In the last decade advanced cell therapies are becoming highly commercialized. Industry developers, in general, favor so-called centralized model of cell product manufacturing/ delivery. In centralized model, one big manufacturing plant produces and delivers many many (thousands) products within a country or internationally. In the last few years, Biotech and cell therapy companies (Novartis, Kite Pharma, UniQure…) heavily invested in development of centralized facilities. In the other camp, academics, physicians and tools manufacturers are betting on decentralized or “point-of-care” model of cell therapy manufacturing/ delivery. You can read more about pros and cons of each model in the recent reviews – here and here. But I’d like to focus today on potential catalyst for shifting from centralized to decentralized model.
Proponents of decentralized model of cell therapy delivery would like to use relatively simple/ user-friendly, automated, closed system-based device, which can do many manufacturing processes at once. We call this type of devices “all-in-one”. Of course, “all” is not equal 100% , but combining many major processes, which are usually described in bioprocessing as separate “unit of operations”. Three years ago, German company Miltenyi Biotec has launched new device CliniMACS Prodigy (CE mark in Europe). I’d consider Prodigy’s launch as the first attempt to introduce a prototype of “all-in-one” device to clinical cell therapy world. Unlike previous generation of devices with capability to do more than one process, Prodigy went as far as integration of cell separation, magnetic cell sorting and cell culture.
Since launch, seem like Prodigy is doing well on the market (as much as I can say from attending conferences). Prodigy clinical validation reports are available now for CAR T-cells, mononuclear cells from bone marrow and peripheral blood, CD34 cell selection, NK cells and virus-specific T-cells. The main advantage of Prodigy, of course, is process integration capability. Importantly, it is fully automated, closed system device, which can save a lot on time and labor. I’d like to highlight few disadvantages of Prodigy:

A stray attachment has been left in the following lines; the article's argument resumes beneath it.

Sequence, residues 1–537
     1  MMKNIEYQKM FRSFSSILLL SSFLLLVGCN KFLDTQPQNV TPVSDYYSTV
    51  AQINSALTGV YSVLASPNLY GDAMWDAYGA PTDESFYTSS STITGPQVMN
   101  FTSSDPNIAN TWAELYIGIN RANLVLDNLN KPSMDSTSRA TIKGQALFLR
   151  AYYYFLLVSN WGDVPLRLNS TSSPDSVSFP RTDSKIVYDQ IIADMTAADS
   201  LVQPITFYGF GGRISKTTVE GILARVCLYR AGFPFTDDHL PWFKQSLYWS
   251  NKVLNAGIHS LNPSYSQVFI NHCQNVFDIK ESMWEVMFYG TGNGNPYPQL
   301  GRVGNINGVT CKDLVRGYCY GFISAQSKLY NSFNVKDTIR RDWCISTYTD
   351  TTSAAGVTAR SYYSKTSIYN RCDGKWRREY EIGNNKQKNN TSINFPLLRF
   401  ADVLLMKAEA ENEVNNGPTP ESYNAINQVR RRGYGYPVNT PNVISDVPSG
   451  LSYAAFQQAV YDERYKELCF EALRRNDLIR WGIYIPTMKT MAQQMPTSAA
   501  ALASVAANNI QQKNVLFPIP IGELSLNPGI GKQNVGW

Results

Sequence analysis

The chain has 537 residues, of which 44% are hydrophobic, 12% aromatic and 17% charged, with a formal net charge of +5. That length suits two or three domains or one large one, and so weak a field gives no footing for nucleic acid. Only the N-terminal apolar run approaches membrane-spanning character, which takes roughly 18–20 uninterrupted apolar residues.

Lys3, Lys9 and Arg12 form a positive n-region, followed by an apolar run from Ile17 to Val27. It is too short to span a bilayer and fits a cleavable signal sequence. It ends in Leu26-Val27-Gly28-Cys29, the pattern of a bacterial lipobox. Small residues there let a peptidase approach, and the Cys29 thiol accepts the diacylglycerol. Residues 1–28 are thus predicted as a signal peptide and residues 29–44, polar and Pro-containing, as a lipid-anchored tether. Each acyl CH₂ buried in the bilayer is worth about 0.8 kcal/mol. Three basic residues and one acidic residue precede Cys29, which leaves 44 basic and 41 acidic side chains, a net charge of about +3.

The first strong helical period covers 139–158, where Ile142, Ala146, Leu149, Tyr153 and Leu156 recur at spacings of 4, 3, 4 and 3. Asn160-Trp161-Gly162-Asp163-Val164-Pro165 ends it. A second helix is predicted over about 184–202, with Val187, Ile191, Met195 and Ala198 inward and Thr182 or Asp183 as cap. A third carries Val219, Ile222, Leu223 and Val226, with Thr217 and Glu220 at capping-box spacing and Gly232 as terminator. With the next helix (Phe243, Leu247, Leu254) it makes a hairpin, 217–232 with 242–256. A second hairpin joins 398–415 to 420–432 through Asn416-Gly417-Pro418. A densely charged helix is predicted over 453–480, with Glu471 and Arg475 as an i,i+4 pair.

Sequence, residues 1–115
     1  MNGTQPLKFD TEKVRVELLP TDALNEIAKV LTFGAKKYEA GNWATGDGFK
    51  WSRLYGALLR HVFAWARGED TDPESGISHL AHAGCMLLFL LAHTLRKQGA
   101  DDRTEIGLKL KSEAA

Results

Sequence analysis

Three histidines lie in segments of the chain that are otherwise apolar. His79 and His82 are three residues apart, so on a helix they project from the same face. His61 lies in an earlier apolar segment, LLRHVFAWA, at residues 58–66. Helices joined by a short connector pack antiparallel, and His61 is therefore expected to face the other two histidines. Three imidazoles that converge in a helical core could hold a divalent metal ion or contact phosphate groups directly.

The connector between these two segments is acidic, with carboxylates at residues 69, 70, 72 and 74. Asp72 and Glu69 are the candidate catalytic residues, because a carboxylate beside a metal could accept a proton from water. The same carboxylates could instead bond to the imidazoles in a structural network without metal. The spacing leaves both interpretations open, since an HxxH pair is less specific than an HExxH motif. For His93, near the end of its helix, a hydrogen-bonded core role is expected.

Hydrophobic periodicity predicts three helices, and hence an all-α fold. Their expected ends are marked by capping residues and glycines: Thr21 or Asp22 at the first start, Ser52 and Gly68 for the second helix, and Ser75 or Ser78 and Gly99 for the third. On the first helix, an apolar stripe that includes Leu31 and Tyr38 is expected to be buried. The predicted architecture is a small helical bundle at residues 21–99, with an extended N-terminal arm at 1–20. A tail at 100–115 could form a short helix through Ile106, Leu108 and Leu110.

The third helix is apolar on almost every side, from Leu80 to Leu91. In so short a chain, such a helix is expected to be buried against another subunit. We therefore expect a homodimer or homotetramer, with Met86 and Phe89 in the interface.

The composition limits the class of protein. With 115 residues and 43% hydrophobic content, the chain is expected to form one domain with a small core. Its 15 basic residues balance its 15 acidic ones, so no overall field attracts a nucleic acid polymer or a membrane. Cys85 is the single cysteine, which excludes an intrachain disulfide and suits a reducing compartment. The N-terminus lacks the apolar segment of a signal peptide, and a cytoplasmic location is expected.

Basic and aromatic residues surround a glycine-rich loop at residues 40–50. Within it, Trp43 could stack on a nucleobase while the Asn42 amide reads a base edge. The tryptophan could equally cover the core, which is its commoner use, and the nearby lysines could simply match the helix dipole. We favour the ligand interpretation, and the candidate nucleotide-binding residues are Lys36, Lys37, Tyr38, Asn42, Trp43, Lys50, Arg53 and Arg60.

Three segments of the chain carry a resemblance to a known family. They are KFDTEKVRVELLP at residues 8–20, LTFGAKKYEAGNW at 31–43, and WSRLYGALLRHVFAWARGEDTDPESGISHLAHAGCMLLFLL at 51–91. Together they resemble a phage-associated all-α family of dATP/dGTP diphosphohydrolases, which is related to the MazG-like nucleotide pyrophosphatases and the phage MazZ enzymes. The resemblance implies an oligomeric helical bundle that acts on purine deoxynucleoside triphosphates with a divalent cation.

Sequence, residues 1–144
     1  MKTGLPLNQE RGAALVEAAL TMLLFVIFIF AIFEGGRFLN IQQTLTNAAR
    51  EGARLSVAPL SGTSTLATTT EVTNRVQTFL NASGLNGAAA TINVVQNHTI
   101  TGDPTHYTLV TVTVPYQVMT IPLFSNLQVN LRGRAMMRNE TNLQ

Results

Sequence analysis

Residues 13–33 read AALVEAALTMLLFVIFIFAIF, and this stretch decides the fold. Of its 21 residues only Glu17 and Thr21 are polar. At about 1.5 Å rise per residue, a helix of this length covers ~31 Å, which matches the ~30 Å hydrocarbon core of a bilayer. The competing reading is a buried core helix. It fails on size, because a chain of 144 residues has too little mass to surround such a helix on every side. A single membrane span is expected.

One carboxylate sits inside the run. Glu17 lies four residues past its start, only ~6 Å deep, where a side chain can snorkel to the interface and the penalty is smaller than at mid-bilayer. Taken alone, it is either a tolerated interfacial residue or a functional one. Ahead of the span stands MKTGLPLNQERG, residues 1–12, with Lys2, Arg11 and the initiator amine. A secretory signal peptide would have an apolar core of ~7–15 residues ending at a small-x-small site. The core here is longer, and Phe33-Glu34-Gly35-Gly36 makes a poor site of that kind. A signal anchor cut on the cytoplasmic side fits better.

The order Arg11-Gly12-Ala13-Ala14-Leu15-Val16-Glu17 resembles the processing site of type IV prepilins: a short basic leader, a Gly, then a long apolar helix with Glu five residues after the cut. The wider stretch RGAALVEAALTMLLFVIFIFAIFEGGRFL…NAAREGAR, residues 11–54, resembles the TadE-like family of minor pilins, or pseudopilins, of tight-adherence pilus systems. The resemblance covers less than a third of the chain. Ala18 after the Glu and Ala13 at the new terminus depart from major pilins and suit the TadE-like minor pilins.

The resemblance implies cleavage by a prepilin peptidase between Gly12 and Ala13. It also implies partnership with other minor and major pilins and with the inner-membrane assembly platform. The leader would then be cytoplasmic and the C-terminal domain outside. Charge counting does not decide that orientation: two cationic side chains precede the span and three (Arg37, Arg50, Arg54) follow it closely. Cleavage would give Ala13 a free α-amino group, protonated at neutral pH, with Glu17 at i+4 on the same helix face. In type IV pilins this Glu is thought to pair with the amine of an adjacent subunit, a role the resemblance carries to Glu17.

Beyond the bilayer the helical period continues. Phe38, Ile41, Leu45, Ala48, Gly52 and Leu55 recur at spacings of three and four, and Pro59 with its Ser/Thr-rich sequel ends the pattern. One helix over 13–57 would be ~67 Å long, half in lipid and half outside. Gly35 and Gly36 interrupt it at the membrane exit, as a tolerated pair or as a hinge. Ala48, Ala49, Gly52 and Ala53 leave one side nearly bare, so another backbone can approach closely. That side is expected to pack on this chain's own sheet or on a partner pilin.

- capability to produce only one batch at time (1 patients –> 1 device)
- high complexity and absence of backup device (equal alternative) underlies high risk
- low flexibility of cell incubation unit (limited volume/ cell concentration)
- relatively high cost.
Now, I’d like to discuss the main potential impact of Prodigy and devices alike. I think, Prodigy could be a catalyst for shifting from currently widely accepted centralized model to “point-of-care” model of cell manufacturing/ delivery. Devices like Prodigy is exactly what most proponents of decentralized manufacturing model were dreaming about. It could, potentially, “democratize cell therapy” by making clean room facilities obsolete and simplifying whole manufacturing process by pushing few buttons and hanging the bags. Single use disposable of multifunctional device is a replacement of class 10,000 clean rooms. Full automation is replacement of labor. Importantly, it will work nicely only for autologous (personalized) cell therapies, where cost of manufacturing is very high and starting material is very variable. In this case, cost of auto- cell product will be equal cost of manufacturing, no profit. Hospitals and patients will love it and jump on it! Allogeneic cell products manufacturing will be taken (almost entirely) by industry into centralized plants.
I think, it may work especially nicely for few processes and few indications (for example, CAR T-cells in B-ALL). If your hospital wants to have multiple cell therapies for multiple indications, Prodigy may not be universal answer. Ideally, big multidisciplinary hospital would have cell therapy facility with both types devices “all-in-one” and “plug-and-play” (multiple devices for multiple processes). But if you’re looking only for getting your CAR T-cell program going in hem/oncology on a budget, Prodigy alone could be the solution.
Finally, I’d like to notice that Prodigy is just at the beginning of its way in clinical cell therapy. We may see more and better “all-in-one” devices in the future. We don’t know for sure if fundamental shift from centralized to hospital-based model will finally happen for some autologous cell products in some indications. Miltenyi’s people firmly believe (based on what I’ve learned from few talks on different conferences) that it may take years, but finally decentralized “point-of-care” model will prevail for autologous cell therapies.
What do you think? Will Prodigy change everything?
Disclaimer: This post is neither advertisement nor endorsement, but invitation for discussion. I’m not a user of CliniMACS Prodigy. I do not have any conflicts, related to Miltenyi Biotec.